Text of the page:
Spectral image classification uses the huge amount of information provided by spectral images to identify objects in the scene of interest. In this sense, spectral images typically contain redundant information that is removed in later processing stages. To overcome this drawback, compressive spectral imaging (CSI) has emerged as an alternative acquisition approach that captures the relevant information using a reduced number of measurements. Various methods that classify spectral images from compressive projections have been recently reported whose measurements are captured by non-adaptive, or adaptive schemes discarding any contextual information that may help to reduce the number of captured projections. In this paper, an adaptive compressive acquisition method for spectral image classification is proposed. In particular, we adaptively design coded aperture patterns for a dual-arm CSI acquisition architecture, where the first system obtains compressive multispectral projections and the second arm registers compressive hyperspectral snapshots. The proposed approach exploits the spatial contextual information captured by the multispectral arm to design the coding patterns such that subsequent snapshots acquire the scene's complementary information improving the classification performance. Results of extensive simulations are shown for two state-of-the-art databases: Pavia University and Indian Pines. Furthermore, an experimental setup that performs the adaptive sensing was built to test the performance of the proposed approach on a real data set. The proposed approach exhibits superior performance with respect to other methods that classify spectral images from compressive measurements.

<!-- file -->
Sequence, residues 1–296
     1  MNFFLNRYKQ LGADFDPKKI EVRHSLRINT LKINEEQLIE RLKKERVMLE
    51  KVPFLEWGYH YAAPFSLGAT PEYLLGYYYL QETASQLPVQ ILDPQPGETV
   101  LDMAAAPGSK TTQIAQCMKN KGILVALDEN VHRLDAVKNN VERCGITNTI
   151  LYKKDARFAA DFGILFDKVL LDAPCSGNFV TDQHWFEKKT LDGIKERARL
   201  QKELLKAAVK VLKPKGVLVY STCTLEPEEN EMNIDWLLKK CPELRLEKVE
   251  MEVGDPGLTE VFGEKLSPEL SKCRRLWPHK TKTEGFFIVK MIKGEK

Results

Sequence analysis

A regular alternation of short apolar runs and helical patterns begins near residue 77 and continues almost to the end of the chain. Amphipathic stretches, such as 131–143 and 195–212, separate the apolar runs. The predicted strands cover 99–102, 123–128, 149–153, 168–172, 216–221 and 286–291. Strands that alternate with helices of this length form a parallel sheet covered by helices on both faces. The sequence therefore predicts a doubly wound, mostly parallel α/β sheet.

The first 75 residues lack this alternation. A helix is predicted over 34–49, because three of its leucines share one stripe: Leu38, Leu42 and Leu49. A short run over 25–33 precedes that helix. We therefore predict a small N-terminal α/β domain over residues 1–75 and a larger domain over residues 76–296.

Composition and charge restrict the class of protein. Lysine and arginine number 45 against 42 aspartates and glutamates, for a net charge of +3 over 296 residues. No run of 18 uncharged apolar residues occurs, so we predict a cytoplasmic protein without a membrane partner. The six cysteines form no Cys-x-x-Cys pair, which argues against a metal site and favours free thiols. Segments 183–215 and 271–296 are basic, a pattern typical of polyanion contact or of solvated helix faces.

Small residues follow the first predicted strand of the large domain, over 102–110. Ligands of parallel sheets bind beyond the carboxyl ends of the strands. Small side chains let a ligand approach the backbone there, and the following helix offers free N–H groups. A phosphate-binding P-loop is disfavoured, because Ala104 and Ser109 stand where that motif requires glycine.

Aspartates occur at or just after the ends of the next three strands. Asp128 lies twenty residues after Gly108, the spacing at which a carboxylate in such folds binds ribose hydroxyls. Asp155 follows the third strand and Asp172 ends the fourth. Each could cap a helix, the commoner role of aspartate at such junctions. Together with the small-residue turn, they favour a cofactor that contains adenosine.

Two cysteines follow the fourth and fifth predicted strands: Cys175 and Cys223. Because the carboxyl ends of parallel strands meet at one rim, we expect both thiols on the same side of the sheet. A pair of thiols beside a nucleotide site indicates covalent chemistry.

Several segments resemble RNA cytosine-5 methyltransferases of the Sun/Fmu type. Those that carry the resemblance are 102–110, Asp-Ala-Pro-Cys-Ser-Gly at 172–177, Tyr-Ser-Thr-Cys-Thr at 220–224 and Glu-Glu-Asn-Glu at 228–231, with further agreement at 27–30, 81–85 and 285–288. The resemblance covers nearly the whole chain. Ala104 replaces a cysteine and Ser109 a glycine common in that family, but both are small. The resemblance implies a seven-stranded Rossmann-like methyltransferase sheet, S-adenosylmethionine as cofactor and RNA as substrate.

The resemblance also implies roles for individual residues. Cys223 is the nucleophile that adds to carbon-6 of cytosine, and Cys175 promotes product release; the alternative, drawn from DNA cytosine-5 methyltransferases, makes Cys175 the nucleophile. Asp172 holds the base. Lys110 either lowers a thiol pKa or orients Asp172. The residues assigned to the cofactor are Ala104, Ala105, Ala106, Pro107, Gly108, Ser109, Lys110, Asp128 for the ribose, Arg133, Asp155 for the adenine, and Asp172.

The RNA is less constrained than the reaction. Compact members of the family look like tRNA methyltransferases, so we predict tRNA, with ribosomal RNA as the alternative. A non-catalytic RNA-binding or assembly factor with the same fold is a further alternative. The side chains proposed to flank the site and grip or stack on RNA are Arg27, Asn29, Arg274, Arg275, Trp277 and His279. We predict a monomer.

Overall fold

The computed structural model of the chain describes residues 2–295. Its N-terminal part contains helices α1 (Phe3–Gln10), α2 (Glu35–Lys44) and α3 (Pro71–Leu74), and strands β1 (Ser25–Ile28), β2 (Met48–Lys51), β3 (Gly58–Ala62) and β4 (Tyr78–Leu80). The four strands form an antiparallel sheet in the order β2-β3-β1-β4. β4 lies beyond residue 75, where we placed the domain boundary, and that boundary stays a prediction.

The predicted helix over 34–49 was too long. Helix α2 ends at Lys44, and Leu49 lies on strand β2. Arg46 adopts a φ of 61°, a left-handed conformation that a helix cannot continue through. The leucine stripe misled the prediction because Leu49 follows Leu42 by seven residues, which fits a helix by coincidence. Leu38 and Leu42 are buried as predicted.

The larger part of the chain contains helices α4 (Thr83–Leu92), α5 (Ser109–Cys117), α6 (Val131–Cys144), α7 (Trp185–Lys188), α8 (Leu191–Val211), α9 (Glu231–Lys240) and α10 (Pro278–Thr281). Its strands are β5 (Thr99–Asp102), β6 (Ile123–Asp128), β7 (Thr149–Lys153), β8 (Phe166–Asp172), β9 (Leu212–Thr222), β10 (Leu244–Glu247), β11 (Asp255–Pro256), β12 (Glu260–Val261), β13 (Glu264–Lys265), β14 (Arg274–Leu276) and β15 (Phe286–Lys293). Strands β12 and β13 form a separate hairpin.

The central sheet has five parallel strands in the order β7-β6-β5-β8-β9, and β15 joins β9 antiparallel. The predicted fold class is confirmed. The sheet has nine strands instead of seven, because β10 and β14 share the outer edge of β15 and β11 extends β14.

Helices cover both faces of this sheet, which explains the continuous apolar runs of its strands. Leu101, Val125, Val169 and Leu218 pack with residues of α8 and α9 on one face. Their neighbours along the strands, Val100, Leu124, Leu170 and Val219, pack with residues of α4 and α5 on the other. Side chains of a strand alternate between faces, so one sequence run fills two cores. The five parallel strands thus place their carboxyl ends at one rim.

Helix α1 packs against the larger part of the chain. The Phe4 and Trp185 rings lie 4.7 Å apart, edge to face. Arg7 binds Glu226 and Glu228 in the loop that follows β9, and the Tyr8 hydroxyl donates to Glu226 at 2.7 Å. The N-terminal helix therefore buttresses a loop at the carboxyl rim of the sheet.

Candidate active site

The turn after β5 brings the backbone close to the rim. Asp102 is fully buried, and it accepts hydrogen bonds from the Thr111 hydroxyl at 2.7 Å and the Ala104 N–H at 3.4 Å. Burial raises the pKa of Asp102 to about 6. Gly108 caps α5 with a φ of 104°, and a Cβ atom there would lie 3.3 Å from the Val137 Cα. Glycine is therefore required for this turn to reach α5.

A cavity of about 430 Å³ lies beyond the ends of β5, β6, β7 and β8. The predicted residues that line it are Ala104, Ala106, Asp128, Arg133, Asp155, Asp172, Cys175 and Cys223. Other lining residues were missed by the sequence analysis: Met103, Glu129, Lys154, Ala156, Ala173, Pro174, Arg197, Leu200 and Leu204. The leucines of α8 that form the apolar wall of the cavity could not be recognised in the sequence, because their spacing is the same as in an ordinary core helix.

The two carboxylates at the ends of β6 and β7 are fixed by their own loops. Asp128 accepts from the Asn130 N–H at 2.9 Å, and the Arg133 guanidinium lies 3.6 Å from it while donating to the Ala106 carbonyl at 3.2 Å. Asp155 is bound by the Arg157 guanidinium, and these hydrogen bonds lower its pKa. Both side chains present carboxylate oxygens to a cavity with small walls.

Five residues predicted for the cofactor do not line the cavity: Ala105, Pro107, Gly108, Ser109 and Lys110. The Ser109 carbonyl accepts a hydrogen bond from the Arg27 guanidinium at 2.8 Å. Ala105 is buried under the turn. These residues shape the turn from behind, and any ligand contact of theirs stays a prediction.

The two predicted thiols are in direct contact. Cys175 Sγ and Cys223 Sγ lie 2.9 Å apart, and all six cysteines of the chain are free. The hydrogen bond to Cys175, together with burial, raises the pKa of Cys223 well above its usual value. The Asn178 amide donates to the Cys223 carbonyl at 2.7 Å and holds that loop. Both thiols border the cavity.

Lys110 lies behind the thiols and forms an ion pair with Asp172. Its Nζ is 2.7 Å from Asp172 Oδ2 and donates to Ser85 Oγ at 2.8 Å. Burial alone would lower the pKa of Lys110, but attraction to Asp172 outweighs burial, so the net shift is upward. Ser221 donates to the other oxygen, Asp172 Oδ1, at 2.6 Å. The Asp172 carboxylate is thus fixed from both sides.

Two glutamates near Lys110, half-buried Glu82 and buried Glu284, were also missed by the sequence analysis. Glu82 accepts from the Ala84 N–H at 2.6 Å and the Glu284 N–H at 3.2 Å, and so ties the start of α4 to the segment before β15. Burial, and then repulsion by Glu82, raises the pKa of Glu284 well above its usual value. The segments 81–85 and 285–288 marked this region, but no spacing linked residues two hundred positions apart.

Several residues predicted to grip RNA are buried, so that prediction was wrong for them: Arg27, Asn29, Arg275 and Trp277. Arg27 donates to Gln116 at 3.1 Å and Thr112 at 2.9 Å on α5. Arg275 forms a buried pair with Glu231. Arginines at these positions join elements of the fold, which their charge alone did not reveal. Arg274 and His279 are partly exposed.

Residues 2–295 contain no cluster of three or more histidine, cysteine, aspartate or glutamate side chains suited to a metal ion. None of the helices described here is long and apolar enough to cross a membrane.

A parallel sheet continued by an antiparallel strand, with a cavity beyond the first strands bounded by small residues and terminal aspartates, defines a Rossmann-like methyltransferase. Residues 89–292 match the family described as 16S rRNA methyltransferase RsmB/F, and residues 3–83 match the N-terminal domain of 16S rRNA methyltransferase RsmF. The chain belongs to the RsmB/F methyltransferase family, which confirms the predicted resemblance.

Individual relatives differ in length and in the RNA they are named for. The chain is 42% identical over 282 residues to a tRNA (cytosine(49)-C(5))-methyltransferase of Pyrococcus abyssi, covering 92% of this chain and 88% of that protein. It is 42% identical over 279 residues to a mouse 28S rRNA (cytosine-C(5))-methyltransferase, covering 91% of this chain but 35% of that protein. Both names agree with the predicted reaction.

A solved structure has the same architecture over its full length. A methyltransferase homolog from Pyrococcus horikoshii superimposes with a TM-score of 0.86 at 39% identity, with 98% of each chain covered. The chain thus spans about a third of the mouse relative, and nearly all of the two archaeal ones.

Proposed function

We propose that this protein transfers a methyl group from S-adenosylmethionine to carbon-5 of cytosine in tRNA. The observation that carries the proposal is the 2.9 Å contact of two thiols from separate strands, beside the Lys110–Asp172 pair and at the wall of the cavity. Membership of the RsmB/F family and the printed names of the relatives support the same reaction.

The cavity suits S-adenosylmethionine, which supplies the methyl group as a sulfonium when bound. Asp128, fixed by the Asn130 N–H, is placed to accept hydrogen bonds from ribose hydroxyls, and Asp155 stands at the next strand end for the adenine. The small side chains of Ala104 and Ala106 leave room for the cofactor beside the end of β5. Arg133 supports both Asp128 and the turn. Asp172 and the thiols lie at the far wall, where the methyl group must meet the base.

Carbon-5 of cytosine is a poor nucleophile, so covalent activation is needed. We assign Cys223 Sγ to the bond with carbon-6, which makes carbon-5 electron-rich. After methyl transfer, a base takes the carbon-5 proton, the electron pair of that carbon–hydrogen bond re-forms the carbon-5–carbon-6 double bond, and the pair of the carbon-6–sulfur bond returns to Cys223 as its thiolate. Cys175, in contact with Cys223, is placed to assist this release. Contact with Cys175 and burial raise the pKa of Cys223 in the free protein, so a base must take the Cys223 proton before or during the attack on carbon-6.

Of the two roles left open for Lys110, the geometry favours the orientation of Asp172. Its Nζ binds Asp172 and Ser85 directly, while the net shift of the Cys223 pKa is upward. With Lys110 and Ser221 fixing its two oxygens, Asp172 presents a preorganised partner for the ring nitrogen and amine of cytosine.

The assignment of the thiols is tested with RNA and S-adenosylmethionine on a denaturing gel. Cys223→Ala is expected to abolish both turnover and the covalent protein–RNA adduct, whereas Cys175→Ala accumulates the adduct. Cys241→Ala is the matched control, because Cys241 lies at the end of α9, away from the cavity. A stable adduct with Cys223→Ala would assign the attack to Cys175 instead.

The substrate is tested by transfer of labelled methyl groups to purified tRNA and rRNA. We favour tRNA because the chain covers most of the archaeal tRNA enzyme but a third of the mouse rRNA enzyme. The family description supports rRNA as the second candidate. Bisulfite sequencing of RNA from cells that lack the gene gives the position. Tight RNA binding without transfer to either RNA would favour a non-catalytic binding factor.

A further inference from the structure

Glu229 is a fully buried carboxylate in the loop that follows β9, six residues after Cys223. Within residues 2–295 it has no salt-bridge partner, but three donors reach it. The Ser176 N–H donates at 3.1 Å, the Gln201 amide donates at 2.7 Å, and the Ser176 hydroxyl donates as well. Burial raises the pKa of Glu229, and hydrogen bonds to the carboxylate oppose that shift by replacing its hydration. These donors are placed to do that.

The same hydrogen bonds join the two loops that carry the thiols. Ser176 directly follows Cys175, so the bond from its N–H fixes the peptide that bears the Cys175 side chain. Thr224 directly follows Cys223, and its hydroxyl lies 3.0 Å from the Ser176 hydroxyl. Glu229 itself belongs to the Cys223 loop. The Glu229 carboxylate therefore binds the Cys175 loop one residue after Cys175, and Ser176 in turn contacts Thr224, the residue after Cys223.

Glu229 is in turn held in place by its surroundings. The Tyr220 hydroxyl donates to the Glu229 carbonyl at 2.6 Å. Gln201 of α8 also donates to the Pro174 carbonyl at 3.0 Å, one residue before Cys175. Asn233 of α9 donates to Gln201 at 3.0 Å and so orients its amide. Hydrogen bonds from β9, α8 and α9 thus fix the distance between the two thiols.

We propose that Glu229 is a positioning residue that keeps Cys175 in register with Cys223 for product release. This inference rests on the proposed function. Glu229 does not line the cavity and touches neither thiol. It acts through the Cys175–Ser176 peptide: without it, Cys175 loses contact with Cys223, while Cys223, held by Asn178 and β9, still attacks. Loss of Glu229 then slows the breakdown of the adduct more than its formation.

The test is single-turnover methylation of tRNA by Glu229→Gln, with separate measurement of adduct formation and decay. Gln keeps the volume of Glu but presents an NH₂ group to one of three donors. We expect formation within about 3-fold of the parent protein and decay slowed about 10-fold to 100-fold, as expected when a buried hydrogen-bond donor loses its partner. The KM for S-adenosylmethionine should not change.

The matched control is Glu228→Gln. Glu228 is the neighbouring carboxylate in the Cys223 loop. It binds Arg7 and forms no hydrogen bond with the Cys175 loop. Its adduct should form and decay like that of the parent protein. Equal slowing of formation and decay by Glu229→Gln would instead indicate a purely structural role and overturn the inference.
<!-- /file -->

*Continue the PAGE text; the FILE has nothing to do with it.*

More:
|Publicación||IEEE Journal of Selected Topics in Applied Earth Observations and Remote Sensing|
|Estado||Aceptada/en prensa - 2021|
|Publicado de forma externa||Sí|